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Effective Remote (Zoom) Meetings

Zoom Meeting

People don't often use technology to communicate with each other verbally. People text each other and send email but with thousands of robo-callers flooding the airways verbally speaking on the telephone is almost a lost art. For a virtual meeting, it's important to get everyone comfortable with communicating with each other.

What's a great way to get this going? Build a "virtual tavern"—a communal place online where group members can get to know each other and connect outside of structured meetings. Giving distributed teams a shared space to connect online helps them:

  • Get comfortable (and, let's face it, feel less awkward) communicating across digital channels (Especially using unfamiliar technology
  • Get to know other members of the group and their expertise
  • Feel like they are an equal and integral part of the LCRW
  • Identify any potential issues when it comes to communication styles or differing points of view ahead of meetings

A virtual "tavern" can become a shared tradition (like video check-ins or a weekly virtual happy hour). As long as it connects the group and familiarizes them with one another before meetings happen, it will help lay the foundation for successful online meetings.

  • Set an agenda and agree on remote meeting guidelines
  • If you want your scheduled remote meeting to be efficient and successful, you need to plan your agenda.
  • For every virtual meeting, it's important to create a clear meeting agenda that includes:
  • Key talking points
  • Meeting structure (for example, when and for how long you plan to discuss each talking point)
  • Members that will be in attendance
  • What each member is responsible for bringing to the meeting
  • Any relevant documents, files, or critiques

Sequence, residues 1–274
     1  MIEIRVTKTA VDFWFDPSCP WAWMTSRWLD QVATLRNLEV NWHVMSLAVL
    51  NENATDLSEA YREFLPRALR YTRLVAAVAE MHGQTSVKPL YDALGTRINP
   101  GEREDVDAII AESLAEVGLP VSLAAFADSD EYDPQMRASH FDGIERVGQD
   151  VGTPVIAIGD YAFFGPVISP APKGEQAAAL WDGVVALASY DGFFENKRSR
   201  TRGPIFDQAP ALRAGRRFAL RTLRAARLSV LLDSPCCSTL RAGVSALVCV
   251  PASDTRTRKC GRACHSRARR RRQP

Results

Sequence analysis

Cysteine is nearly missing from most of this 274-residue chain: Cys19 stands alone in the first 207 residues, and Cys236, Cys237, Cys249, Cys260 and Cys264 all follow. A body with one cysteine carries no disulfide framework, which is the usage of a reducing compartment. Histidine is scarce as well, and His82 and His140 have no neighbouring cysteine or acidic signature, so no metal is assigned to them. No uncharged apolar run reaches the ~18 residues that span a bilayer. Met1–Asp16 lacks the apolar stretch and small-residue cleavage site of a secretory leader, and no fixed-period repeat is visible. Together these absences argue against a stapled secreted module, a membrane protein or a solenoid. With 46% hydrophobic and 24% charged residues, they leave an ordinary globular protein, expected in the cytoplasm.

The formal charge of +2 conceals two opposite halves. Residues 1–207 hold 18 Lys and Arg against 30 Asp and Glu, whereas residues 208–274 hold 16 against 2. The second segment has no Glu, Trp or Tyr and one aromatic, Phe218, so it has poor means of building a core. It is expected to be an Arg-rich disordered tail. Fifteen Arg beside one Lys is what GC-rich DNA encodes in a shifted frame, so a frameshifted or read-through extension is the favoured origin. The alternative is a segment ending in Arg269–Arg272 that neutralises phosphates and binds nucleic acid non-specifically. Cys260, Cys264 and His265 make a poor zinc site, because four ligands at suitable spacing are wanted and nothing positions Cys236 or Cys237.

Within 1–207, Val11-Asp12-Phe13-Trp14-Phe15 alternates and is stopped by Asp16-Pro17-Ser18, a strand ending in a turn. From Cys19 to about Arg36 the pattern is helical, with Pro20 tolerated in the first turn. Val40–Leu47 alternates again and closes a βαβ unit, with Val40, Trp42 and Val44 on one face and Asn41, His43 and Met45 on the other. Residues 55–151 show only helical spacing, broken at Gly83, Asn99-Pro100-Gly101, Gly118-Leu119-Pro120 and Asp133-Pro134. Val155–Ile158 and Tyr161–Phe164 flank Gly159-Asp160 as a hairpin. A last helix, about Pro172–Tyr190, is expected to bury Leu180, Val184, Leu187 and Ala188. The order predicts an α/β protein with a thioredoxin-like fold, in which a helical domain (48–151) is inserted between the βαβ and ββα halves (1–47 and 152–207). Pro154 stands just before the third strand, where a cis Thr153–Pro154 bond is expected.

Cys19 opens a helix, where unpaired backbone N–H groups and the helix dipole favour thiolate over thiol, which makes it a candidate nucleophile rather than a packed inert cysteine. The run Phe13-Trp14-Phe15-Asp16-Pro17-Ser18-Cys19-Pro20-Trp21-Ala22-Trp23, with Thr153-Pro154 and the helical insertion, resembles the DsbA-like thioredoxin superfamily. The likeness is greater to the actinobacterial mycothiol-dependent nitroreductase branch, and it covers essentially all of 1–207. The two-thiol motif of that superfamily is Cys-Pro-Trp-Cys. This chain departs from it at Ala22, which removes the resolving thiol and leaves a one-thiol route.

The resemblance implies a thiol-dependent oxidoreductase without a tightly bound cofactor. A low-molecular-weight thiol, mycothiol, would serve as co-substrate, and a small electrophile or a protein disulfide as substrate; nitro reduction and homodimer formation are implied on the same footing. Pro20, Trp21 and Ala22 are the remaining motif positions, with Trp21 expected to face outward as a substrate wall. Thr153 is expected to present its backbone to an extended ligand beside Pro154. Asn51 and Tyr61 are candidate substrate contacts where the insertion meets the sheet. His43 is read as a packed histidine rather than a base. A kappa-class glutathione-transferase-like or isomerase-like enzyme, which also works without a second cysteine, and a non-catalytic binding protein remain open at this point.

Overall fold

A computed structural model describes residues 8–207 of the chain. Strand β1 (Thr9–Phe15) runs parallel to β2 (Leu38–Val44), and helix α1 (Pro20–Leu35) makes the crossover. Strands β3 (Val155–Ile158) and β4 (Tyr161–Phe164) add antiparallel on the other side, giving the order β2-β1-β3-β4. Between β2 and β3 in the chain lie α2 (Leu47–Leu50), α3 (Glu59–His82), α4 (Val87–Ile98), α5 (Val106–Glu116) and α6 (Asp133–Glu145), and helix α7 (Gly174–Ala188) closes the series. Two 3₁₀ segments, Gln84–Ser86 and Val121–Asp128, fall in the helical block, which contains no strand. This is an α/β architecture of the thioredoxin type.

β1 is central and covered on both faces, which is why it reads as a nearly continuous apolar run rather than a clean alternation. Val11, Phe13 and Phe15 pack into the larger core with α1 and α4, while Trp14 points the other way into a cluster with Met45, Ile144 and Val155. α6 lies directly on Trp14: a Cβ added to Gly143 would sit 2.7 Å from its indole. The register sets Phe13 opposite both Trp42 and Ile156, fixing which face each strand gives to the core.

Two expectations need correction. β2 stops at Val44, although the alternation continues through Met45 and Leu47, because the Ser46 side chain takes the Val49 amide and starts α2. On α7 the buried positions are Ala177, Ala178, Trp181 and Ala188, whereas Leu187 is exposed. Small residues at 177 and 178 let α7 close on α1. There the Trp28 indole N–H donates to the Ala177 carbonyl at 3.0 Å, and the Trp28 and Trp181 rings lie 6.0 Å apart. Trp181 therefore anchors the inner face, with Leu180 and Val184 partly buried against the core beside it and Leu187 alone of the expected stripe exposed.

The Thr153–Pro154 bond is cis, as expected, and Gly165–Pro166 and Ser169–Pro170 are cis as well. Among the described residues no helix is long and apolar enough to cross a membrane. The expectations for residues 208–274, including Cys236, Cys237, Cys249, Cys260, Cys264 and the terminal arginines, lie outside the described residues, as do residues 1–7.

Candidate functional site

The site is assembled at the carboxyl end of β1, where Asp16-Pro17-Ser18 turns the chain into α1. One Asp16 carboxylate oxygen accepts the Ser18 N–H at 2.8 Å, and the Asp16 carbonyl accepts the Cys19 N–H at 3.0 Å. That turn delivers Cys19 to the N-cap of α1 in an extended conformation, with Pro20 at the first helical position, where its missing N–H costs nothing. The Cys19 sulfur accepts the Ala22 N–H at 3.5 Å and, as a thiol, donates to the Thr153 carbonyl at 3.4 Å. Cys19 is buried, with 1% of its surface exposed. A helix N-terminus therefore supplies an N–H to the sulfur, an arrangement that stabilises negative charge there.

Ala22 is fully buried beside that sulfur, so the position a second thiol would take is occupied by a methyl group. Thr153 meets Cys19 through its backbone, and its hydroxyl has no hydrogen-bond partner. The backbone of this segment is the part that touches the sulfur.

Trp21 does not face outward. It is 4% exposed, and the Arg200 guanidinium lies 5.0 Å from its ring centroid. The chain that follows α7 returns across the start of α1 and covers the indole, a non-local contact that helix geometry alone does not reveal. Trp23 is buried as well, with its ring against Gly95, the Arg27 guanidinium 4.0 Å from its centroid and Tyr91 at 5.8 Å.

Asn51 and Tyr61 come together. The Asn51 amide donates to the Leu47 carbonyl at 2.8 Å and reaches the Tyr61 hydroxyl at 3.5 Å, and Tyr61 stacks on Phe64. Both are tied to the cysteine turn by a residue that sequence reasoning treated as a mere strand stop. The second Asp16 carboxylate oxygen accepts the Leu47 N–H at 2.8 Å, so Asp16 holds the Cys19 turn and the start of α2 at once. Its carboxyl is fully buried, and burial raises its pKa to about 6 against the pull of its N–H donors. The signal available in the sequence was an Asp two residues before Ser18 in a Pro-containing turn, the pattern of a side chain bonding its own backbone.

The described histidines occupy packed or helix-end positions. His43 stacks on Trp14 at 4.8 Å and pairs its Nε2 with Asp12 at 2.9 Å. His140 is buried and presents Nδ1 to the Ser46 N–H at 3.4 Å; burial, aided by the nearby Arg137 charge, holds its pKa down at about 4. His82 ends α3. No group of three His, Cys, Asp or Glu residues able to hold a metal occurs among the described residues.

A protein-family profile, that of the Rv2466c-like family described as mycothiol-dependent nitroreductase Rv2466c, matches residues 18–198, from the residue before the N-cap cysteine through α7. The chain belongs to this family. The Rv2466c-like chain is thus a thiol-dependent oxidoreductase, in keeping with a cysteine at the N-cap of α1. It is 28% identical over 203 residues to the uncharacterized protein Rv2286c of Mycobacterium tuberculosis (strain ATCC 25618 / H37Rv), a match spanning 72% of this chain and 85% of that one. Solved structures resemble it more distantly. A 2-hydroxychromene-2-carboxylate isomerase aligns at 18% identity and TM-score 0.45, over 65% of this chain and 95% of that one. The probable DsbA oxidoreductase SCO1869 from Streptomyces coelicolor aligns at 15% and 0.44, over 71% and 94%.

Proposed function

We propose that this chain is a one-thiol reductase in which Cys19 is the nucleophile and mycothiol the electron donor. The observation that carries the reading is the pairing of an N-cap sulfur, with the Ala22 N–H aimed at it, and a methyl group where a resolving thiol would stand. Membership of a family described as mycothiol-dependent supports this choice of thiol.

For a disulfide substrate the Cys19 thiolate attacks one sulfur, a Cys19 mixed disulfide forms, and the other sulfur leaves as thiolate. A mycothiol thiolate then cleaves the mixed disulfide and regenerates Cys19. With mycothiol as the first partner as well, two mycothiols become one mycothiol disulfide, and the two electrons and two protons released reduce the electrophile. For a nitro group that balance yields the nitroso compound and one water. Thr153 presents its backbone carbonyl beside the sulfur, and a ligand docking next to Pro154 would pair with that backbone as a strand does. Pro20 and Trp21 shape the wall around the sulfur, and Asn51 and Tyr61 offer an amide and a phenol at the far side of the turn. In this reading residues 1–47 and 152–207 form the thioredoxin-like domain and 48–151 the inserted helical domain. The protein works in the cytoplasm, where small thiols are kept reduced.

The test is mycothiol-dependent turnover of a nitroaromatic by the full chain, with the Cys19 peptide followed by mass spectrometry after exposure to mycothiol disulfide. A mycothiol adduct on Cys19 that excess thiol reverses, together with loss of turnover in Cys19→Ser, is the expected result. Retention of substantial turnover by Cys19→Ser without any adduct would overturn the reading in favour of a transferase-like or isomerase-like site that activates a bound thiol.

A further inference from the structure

The group may want to consider forming small groups (four or five members) and setting up samll virtual "Taverns" to discuss writing or just share how we are doing. One each week for the duration.

Just as important as the meeting agenda are the meeting guidelines: the rules and expectations of how the team is expected to contribute to the virtual meeting.

So, for example, can everyone speak freely, or will the team leader call on someone when it's that person's turn to contribute? Does always everyone need to have their camera on or just the presenter? Should people mute their phones while others are speaking?

Setting a clear meeting agenda and guidelines (and sending them to the team at least 24 hours in advance) will help ensure that everyone is on the same page before the virtual meeting takes place.

Etiquette for online meetings

There are some basic etiquette practices you could consider creating a smooth online meeting experience.

  • Don't interrupt other people when they're speaking (or attempt to speak over them)
  • Test all technology (including camera/video, Wi-Fi, and screen sharing) before the meeting. Use the "Buddy System." Zoom is free. Set up a meeting with one other person in LCRW in advance. That way you can both test out how well your device works before the group meeting starts.
  • Don't work on other tasks (like checking email) during the virtual meeting
  • Turn off all notifications and make sure your cell phone is on silent
  • Make sure you are in a quiet area free from unnecessary distractions
  • When in doubt, just practice common courtesy. People want to be heard, seen, and respected during an online meeting—just like they do everywhere else.

Here are a couple of good meeting articles and tips on Zoom:



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